Cave rescue: experts share dive-out advice

Cave rescue scene from Sump Rescue (BCRC)
Rescue simulation from Sump Rescue (BCRC)

A recently released YouTube video sheds new light on the practicalities of swimming casualties out of flooded caves, as UK divers Rick Stanton and Jon Volanthen talk through lessons learnt during the challenging 2018 Tham Luang cave rescue in Thailand.

Aspects covered in the 13-minute video would not necessarily have been apparent from the many screen dramatisations and documentaries based on the rescue of the Wild Boars junior football team – which is why Cave Diving Group members and film-makers Rob Franklin and Connor Roe felt they should be more widely known.

”It seems to have become accepted that diving people out of a cave is a routine and relatively straightforward thing to do,“ says Volanthen at the start of Sump Rescue, going on to emphasise the extent to which the strategy is a last resort where no dry exit route can be found – and waiting is not an option.

KM SuperMask

UK dive rescue-teams favour fitting casualties with the Kirby Morgan M-48 SuperMask for its simplicity and robustness, says Stanton, but principally because its separate pod allows any type of second stage regulator to be attached. 

Cave diver Rick Stanton (BCRC)
Rick Stanton (BCRC)

“In the Thailand cave rescue we chose to use the positive-pressure mask for two principal reasons – to keep water outside the mask and also to help the unconscious boys to breathe,” he explains. “The disadvantage is that if you dislodge it severely there will be a massive outward leak of air and, of course, you’re depleting your breathing gas.” 

An unexpected benefit of the full-face masks had been their tendency to lift the heads of the sedated boys, so extending their airways, says Stanton.

Volanthen explains the importance of diving casualties out face-down and facing forwards, keeping any water in the mask away from the face and potentially clearable. This is especially important in transitions between sumps and dry areas, he says. 

John Volanthen (BCRC)
John Volanthen (BCRC)

With a conscious casualty the rescuers would use two sidemount cylinders with a back-mounted switch-block and have the ability to supply off-board gas if necessary. “That gives us an almost unlimited supply of breathing gas for the casualty through the sump,” says Volanthen.

The switch-block monitors interstage pressure and incorporates an alarm system to warn rescuers should the casualty be unable to breathe. In an out-of-air emergency, the Kirby Morgan pod can be removed if necessary and another second stage donated.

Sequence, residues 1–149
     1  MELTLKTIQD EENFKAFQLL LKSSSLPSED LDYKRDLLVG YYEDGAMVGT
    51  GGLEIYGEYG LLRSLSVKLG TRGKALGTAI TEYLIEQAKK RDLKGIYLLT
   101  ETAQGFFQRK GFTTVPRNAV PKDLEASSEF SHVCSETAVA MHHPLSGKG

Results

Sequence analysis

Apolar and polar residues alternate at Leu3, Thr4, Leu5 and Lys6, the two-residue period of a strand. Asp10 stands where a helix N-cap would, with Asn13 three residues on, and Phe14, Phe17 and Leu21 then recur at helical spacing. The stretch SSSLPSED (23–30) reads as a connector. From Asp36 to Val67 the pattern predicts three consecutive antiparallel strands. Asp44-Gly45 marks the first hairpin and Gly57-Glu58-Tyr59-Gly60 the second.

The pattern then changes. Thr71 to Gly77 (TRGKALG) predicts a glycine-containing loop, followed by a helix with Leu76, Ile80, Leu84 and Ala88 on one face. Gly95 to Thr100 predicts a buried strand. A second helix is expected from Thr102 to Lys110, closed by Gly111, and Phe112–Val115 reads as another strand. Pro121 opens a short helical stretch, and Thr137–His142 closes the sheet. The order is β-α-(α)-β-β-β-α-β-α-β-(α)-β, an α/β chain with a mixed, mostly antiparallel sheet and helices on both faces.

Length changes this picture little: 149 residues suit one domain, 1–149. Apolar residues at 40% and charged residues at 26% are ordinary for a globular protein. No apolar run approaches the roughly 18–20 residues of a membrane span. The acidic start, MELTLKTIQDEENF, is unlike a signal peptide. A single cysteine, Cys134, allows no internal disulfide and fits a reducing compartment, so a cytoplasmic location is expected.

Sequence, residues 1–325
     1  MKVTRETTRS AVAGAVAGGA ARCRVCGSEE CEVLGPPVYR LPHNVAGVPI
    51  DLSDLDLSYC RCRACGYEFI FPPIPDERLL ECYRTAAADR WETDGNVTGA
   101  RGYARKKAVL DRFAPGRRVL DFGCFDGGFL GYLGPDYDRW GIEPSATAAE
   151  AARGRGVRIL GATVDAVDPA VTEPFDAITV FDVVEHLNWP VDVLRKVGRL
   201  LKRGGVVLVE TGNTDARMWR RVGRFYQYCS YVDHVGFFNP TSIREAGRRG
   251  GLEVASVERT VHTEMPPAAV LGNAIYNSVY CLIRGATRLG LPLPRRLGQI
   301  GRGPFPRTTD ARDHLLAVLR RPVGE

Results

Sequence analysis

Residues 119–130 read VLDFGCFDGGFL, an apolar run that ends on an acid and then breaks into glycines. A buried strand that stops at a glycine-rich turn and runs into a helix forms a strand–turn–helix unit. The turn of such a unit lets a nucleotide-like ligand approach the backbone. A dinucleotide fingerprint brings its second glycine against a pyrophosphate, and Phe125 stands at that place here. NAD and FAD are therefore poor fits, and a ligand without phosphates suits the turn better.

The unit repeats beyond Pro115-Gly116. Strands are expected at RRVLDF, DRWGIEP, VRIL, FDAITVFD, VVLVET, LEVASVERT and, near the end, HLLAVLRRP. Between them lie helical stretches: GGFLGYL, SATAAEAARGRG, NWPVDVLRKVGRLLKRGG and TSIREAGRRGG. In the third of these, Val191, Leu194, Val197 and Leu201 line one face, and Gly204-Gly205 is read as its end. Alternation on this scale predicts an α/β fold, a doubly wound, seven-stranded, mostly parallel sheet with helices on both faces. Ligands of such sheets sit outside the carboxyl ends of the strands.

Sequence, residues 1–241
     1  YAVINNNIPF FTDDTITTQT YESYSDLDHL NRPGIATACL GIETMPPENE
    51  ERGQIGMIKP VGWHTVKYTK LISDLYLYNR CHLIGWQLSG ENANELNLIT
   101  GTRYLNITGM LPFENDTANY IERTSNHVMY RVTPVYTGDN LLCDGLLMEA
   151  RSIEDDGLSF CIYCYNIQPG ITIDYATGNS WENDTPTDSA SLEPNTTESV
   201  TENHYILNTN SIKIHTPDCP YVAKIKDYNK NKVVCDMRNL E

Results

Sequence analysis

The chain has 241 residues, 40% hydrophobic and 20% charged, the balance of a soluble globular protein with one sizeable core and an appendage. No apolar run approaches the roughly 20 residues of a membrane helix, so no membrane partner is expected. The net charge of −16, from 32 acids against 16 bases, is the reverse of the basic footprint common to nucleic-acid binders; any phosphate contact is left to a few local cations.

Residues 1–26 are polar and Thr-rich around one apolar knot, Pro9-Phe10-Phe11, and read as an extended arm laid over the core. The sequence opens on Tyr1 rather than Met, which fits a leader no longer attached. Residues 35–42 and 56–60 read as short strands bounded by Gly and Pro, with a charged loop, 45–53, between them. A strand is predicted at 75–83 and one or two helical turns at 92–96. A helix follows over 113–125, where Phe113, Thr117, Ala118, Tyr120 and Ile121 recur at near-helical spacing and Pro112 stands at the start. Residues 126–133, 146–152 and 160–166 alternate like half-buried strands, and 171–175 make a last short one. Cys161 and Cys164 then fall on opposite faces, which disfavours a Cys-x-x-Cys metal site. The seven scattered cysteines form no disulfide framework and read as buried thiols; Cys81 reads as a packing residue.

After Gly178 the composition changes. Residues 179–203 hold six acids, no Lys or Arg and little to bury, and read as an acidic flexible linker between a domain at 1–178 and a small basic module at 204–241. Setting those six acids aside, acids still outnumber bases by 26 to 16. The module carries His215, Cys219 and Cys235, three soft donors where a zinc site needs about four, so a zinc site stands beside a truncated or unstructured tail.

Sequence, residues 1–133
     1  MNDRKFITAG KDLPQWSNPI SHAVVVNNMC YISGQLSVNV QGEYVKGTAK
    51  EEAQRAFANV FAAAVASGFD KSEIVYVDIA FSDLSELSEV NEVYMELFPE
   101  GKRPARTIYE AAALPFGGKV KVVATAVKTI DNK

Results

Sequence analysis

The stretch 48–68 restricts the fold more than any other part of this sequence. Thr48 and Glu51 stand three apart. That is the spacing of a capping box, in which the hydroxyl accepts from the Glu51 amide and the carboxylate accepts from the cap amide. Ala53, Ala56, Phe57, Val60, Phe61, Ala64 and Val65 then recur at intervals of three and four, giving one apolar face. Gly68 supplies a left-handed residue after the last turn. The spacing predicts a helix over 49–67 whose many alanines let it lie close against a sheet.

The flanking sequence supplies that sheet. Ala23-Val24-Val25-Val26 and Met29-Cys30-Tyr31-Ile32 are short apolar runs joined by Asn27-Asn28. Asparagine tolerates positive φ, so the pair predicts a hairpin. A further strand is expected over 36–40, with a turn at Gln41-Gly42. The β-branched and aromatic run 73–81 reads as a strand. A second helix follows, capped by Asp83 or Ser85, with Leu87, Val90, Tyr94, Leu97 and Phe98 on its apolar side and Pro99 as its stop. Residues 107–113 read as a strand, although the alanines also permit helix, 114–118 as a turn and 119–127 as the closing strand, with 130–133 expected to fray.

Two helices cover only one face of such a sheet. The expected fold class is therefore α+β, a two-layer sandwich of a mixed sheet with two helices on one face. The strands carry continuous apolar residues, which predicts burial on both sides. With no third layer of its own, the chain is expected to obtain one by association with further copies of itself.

Conscious effort

Buoyancy of the casualty is another concern, especially where depth changes are required, and Volanthen discusses the use of floats or drysuit inflation to raise the feet, and the need for adjustments to prevent the casualty bumping onto rocks below or landing face-down in mud.

Technique demonstration from Sump Rescue (BCRC)
Technique demonstration (BCRC)

“In Tham Luang we strapped the cylinder the boys were breathing from to their chest and that acted like a keel, both to hold them in a face-down orientation to make sure they couldn’t rotate but also, if they had to be left on the floor for any reason, they would ‘sit’ on the cylinder rather than sit on their facemask and potentially dislodge it.”

The need for streamlining the “passenger” is emphasised in the video, with no place for fins or stretchers if their use can be avoided. All the advice is illustrated by sequences shot at Somerset sites Vobster Quay and Wookey Hole.

Sump Rescue has been released by the British Cave Rescue Council (BCRC), which maintains 16 teams of volunteer rescuers around the UK. Watch it on YouTube.

Also on Divernet: Q&A: With Cave Diving Legend Rick Stanton, Thai Footballer’s Death Shocks Rescue Divers, Truffe Or Dare, Torbet 360: Virtual Cave-Diving, Exploring The Hidden Underwater World Of Belgium’s Denée Mine



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